As for British politicians, we will never know whether such apologies are only to appease the subcontinent emigrants to Britain, whose vote they seek. The realities of truth will enable us to understand the true weight of apologies and their discontent.
As soon as we accept that Jallianwala Bagh was an unfortunate aberration, we support the empire and what it stood for. The British policy of controlling media and punishment for sedition stalks its history. Recall Napier’s message to the queen after the conquest of Sindh: “Peccavi” – a pun saying “I have sinned/sindh”.
Macaulay’s famous Minute spoke colonial condescension to condemn oriental learning and desired create brown Englishmen schooled in English. From 1857 to 1947, the Empire did not ease up.
Diversion of food for World War II caused the Bengal famine of 1943. Even before 1919, Dadabhai Naoroji revealed the exploitation of India for British prosperity and William Digby condemned the thought of a “prosperous” British India. Reputedly, by that time, Indians had already made the demand for freedom and against the indignities of the empire.
Apology will not redeem the empire. Nor should an opportunity be given to do so.
Not just an Indian issue
Jallianwala Bagh is not just an Indian issue, but also affects the history of the entire sub-continent, if not the world. Historical events are made by continuously stoking memory into consecration. In England, 1066 is a historical event of when their history began. Caesar crossing the Rubicon is treated as a historical event as he brought troops into Rome.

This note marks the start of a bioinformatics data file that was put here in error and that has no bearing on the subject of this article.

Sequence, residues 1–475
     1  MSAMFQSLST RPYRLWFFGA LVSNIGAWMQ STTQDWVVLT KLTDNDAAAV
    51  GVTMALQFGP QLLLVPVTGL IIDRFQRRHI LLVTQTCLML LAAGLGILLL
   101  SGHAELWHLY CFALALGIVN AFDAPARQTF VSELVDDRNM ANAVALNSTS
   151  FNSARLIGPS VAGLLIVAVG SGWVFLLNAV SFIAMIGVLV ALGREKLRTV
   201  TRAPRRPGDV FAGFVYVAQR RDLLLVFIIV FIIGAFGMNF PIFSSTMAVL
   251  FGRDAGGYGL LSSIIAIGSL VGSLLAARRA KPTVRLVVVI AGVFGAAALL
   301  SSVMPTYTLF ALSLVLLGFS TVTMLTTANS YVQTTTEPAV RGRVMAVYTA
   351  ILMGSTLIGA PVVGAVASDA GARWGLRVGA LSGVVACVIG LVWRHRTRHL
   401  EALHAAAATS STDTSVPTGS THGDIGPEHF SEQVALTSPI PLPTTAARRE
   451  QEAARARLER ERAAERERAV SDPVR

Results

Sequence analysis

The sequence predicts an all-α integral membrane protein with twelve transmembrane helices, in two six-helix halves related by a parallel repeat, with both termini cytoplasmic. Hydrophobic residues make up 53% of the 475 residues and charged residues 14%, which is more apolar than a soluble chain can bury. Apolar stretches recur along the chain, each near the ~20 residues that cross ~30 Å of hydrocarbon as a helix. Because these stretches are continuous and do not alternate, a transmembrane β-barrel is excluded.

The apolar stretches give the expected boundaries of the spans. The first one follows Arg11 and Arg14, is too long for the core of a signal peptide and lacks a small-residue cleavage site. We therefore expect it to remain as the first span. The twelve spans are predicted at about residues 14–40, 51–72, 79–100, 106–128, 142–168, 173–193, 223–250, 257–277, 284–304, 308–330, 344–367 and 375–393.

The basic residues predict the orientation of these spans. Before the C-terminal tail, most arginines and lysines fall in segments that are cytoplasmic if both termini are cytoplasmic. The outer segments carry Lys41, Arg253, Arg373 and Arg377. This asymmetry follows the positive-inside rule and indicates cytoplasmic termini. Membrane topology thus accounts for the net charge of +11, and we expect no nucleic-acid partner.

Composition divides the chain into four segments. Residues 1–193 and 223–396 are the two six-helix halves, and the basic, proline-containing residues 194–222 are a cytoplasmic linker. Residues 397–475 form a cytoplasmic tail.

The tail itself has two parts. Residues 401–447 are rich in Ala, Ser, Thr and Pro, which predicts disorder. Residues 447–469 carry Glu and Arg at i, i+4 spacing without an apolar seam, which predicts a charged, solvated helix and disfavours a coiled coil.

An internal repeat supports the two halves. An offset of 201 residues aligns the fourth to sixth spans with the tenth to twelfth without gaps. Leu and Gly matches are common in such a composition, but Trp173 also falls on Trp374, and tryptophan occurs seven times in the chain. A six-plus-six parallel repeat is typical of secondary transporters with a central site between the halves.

1947 is a historical event for the sub-continent. Jallianwala is a historical event. We must be clear of what it stands for. The British would be quite happy to apologise and consign it to the dustbin of history.
For Indians, it must represent all the inequities of the Raj, and colonialism and imperialism throughout the world. No apology is enough to transgress memory. Jallianwala Bagh represents imperial atrocity and genocide across the ages.
I am not suborning history, but just consecrating facts for what they represent. Today, the forces of the Sangh (which made little contribution to the freedom movement) want to angle history from a Hindu point of view in ways to support hate for other communities. That is not my intention here. There is a huge difference between the British empire exploiting India and rulers from the Aryan onward, who assimilated and remained in India.
Pre-British history teaches lessons about how India became a unique multi-cultural civilisation. The coin of history has many sides, but Jallianwala Bagh represents only two: the might and atrocities of the empire on the one side; and vicious exploitation by the British on the other.
History must be founded on truth. History will not redeem itself by idle apologies, but by a constructive understanding of the future for all of us.
Jallianwala Bagh is not to be forgotten, nor etched out of history by apology.
Rajeev Dhavan is a senior advocate in the Supreme Court.